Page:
But every couple of years, I don't know about that that's kind of a grey zone.  Talk to your doctor about it I'll find out with the school official policy is and then talk to your doctor and kind of go from there.  Now we have that one last question that I have to read because it's not a Skype question.  This one comes from Anne, and Anne is in North Carolina, she says, "Imagine you have an almost five year old son who gets really upset when he has to visit a medical professional….

"Said child had an unpleasant experience when he was two and a half when he sees the doctor, and he has cried and fuss over every doctor and dental appointments since.  He's due for five year well child appointment, and those last few shots needed for kindergarten.  Should I spring in on him as we're pulling out of the drive way towards our very nice pediatricians' office?  Or give him fair warning a day or two in advance, knowing that hell worry about it?…  


"He's usually well behaved in the office until he sees the syringes but he'll cry and yell before we get there and when it's shot time….  All right Anne, well thank you for your question. There really is not a right or wrong answer to this question, it's kind of come down to the type of relationship you have with your child and your child's temperament.  

In our family we've always given our kids fair warning, but then again they haven't really freaked out about it until the shot actually come in, and at that point, especially with my daughter, there is a little bit of drama including an incident a few years ago when my daughter came in specifically for a flu shot, this was the days before a flu mist the nose very kind and we didn't want to take up an exam room because it's a busy day in the office, my nurse was just going to give her flu shot and while my nurse is drawing it up Katy takes off, barricades herself behind the refrigerator.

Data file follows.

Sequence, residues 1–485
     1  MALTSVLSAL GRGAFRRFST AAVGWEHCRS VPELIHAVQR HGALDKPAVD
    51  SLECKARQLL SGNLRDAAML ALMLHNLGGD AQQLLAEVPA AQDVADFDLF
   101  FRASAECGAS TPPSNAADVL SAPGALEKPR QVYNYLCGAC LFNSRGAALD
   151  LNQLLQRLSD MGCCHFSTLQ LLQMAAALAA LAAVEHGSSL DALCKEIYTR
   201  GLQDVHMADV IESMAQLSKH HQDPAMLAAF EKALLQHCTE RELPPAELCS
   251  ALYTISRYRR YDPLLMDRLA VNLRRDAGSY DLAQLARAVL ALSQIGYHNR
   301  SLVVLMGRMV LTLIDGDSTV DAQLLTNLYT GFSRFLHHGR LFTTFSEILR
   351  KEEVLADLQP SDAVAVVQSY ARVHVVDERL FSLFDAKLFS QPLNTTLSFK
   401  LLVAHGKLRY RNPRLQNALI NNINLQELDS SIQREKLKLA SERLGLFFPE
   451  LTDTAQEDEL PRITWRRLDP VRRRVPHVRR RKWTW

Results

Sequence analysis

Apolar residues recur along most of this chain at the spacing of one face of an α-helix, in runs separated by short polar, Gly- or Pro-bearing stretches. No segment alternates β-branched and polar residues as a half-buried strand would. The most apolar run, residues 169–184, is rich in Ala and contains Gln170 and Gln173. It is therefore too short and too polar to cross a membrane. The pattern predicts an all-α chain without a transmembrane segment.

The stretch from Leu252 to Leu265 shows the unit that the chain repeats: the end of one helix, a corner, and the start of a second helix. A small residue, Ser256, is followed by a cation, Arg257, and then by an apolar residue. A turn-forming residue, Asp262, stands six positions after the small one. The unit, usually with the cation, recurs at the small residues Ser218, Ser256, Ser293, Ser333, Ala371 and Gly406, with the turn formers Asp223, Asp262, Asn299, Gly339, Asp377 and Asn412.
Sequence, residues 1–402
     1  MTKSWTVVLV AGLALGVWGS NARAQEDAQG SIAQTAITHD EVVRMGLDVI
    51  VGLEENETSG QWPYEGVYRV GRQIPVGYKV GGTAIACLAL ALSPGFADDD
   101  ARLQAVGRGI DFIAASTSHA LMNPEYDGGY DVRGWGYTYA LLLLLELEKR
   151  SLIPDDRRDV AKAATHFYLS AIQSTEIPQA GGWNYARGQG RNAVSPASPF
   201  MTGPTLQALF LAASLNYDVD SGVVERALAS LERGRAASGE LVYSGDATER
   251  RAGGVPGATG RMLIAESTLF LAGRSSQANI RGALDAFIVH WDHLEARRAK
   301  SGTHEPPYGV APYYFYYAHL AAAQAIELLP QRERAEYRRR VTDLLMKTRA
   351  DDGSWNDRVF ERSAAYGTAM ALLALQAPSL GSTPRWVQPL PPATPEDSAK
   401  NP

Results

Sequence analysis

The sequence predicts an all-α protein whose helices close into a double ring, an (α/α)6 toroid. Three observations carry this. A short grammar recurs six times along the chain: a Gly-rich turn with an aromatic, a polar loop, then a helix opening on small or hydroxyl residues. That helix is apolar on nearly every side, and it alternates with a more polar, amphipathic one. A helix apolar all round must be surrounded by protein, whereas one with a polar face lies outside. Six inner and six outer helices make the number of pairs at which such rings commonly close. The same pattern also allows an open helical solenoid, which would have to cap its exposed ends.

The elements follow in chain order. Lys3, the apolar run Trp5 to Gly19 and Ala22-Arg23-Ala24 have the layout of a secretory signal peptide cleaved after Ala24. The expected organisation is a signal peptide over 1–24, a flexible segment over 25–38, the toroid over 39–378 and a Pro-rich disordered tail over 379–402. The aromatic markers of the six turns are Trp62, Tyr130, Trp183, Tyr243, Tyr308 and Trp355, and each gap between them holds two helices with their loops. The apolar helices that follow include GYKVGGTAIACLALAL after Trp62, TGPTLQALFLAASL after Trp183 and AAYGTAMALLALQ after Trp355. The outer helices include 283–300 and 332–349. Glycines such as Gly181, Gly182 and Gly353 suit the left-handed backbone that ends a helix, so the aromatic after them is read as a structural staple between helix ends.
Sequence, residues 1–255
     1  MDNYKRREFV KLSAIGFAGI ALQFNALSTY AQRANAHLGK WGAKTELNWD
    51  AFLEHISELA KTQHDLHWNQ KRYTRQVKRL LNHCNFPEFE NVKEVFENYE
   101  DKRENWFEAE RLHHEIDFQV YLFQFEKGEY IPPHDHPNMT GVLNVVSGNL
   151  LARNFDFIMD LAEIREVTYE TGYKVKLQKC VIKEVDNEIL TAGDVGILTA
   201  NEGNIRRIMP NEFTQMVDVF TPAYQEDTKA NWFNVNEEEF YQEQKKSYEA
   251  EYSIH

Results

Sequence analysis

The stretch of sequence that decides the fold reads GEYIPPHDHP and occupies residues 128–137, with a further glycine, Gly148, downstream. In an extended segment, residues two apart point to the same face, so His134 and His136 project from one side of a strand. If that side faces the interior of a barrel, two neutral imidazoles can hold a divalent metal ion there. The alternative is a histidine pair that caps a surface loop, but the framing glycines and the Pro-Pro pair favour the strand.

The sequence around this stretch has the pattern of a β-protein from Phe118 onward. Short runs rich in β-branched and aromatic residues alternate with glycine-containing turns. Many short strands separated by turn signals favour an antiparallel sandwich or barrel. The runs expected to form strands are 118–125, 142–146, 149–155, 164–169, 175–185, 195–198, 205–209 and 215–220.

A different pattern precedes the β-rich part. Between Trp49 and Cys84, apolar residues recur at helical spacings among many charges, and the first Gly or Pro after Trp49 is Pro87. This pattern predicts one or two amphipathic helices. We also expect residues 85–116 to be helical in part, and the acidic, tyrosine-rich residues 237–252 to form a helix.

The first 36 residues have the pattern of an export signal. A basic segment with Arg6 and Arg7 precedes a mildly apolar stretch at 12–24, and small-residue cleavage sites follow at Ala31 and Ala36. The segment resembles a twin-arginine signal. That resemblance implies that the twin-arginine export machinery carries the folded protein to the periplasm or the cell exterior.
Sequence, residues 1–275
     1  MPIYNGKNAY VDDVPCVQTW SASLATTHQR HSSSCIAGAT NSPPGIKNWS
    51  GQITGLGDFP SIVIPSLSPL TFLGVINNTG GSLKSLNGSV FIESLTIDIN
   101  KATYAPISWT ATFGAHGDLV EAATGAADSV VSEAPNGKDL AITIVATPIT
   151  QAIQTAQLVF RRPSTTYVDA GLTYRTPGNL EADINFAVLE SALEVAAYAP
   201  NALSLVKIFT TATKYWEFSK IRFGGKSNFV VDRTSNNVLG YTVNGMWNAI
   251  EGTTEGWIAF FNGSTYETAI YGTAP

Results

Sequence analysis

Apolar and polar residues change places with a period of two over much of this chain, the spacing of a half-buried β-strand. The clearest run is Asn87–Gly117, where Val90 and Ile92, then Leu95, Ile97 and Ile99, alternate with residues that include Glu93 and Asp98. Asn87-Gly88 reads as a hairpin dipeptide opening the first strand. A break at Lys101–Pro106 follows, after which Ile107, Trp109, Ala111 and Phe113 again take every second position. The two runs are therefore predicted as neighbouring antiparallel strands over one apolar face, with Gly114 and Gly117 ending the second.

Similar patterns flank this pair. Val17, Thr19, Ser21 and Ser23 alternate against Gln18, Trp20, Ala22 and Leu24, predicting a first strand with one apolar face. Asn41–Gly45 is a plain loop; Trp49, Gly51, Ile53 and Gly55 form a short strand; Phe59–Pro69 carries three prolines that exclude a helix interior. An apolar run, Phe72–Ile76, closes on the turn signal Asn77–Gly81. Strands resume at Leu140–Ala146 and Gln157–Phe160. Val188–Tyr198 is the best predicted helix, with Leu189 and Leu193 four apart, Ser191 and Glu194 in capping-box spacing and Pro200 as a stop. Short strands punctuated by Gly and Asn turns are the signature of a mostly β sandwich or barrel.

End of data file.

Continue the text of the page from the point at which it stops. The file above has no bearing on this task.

Now granted she was seven or eight years old at the time and she did come out when she was told to but there was lots of drama and that's Katy for you.  


If you stick around for the closing we'll have a link to some more of her drama for you.  But getting back to my point, here's what I would do, I think I would give him a warning the day before, I would just say, "hey, you got doctor's appointment tomorrow to get ready for kindergarten….  That way you're not prolonging the anguish by telling them, week in advance, but you also aren't springing in any unpleasant surprises.